Theiling Online    Sitemap    Conlang Mailing List HQ   

Re: Irrealis mood and non-finite verbs

From:R A Brown <ray@...>
Date:Tuesday, April 1, 2008, 13:17
Mark J. Reed wrote:
> On Tue, Apr 1, 2008 at 5:40 AM, R A Brown <ray@...> wrote: >> Mark J. Reed wrote: >> > My understanding is that the optative is restricted to non-factual >> > conditions being wished for/desired/etc, >> >> ...and then only when these refer to future time. > > Ah, yes. Saying "If only I had come home in time to save her!" would > indeed be a desired non-factual condition, but not an optative > candidate in Greek. I think it'd get the indicative instead of the > subjunctive, actually, which feels weird to my Romance-based training.
Quite right - it would be aorist _indicative_ - at least in Classical Attic and, hence, the Koine. Homer never used the indicative for wishes of any kind. Unreal present wishes - "If only I were lying on a sun drenched neach right now!' - which are expressed by imperfective indicative in Classical Attic, are expressed by the optative in Homer. But past wishes, like your example, are expressed by ὤφελε (ôphele) + infinitive.
>> But your statement needs another qualification: the compulsory use of >> the optative is restricted to non-factual conditions and wishes for the >> future. >> >> The optative had other _optional_ uses. > > An optional optative. A literary alliterative distinction? :)
>> But if we assume that 'realis' and 'irrealis' are the ends, poles, or >> whatever, of the modal continuum, then it is certainly true to say that >> the optative tends more toward the irrealis end than the subjunctive. > > Which, clearly, tends more that way than the indicative, which can > still be used for "irrealistic" cases...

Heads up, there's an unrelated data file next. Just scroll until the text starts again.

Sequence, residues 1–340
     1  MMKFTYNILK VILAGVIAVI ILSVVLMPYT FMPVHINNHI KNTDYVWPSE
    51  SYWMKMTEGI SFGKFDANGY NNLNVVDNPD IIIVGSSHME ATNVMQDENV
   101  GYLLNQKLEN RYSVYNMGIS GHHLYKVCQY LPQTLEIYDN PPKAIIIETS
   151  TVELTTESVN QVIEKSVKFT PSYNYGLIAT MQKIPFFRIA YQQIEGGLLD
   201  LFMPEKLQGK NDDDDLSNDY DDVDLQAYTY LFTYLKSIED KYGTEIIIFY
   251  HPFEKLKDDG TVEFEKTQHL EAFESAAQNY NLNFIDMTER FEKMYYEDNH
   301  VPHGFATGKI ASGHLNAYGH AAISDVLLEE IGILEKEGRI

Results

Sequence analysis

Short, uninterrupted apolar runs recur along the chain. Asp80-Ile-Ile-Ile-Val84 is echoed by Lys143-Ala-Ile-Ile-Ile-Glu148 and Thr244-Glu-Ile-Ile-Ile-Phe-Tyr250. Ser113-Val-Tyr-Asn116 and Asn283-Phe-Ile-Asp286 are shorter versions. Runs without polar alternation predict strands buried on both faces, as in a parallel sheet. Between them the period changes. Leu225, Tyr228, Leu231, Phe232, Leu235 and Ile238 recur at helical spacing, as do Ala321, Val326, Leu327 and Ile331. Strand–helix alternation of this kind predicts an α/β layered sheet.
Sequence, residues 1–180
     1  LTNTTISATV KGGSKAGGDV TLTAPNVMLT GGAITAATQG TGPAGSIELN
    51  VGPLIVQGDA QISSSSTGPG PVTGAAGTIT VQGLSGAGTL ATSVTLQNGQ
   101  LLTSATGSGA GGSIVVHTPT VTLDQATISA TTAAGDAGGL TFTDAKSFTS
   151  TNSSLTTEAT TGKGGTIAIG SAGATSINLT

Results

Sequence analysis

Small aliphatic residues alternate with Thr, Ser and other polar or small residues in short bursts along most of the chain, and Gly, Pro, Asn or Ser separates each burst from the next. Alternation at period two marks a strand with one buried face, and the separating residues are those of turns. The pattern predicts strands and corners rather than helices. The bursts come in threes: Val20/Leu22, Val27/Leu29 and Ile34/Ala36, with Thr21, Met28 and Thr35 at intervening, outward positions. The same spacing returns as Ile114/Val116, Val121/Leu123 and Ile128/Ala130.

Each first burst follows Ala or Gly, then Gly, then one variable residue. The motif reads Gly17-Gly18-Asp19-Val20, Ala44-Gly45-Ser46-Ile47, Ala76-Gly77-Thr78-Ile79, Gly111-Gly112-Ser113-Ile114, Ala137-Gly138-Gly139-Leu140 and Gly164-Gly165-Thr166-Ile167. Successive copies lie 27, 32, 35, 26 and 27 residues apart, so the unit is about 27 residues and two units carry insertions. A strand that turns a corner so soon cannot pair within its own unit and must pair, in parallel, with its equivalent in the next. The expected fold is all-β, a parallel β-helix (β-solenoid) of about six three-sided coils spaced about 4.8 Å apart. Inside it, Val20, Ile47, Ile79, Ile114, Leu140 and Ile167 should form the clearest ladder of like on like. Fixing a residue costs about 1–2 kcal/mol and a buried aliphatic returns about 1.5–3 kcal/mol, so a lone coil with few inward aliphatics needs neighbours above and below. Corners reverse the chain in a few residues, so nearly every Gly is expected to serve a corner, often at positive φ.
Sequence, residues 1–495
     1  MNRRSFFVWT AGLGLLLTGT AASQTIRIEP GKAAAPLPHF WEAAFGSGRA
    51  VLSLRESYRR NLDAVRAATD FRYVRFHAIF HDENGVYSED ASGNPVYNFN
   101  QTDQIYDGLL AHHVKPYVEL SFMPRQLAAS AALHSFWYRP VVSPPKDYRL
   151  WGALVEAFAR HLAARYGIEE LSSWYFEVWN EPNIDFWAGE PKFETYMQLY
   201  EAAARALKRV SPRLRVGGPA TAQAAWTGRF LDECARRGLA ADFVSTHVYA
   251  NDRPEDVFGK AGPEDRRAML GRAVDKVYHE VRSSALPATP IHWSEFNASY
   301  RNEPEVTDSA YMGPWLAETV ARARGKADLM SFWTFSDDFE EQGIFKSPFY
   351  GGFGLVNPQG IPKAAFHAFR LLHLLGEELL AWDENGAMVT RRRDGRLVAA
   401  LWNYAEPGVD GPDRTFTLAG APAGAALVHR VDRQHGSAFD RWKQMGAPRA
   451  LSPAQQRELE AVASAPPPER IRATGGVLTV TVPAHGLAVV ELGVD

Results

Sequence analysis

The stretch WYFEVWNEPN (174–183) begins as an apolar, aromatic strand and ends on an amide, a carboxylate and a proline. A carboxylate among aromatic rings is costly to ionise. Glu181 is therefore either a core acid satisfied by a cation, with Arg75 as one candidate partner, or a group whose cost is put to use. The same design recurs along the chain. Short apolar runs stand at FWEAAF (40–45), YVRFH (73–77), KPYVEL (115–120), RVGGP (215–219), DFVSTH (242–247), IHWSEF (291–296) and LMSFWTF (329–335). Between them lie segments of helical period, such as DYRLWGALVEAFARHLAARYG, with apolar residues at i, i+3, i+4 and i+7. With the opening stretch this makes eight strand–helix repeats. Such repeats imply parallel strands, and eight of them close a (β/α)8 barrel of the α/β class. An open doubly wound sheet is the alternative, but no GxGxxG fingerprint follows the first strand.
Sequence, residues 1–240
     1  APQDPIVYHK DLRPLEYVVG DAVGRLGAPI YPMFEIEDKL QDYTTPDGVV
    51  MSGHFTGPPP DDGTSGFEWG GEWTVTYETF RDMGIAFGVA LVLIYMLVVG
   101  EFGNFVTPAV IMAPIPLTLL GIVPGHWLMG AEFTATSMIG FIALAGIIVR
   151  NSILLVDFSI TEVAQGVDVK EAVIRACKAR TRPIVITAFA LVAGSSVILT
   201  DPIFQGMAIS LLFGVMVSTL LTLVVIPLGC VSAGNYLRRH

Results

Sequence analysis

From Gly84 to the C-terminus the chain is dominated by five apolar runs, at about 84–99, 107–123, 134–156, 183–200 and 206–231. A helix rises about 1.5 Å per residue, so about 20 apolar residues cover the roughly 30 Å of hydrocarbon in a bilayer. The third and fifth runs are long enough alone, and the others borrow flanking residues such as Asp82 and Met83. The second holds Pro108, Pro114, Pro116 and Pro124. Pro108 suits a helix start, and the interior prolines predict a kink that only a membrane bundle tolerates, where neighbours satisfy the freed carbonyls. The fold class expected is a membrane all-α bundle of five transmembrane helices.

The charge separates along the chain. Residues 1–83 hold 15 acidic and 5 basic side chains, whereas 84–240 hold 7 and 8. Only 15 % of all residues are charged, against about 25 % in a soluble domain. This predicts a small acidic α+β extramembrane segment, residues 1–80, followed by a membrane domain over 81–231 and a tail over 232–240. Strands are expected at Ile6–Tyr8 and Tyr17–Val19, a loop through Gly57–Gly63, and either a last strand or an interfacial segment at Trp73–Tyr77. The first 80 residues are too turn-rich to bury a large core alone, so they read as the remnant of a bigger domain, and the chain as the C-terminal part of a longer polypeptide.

Yes, indeed.
>> Personally, while the realis ~ irrealis distinction may be useful in the >> description of some languages, I do not think it is very helpful in >> describing either Latin or Classical Greek where the use of the various >> moods is very much grammaticalized. > > Agreed, but I don't personally regard realis/irrealis as a descriptive > tool for grammar in the first place (although there may be languages > whose standard description uses the terminology that way). To me, > it's more of a theoretical basis for the way the grammar developed, > and useful in much the same way as physics problems about ideal > spheres moving with constant acceleration through frictionless media. > As with any science, reality tends to be messier. :)
Yep - I am basically in agreement with all that. -- Ray ================================== ================================== Frustra fit per plura quod potest fieri per pauciora. [William of Ockham]


ROGER MILLS <rfmilly@...>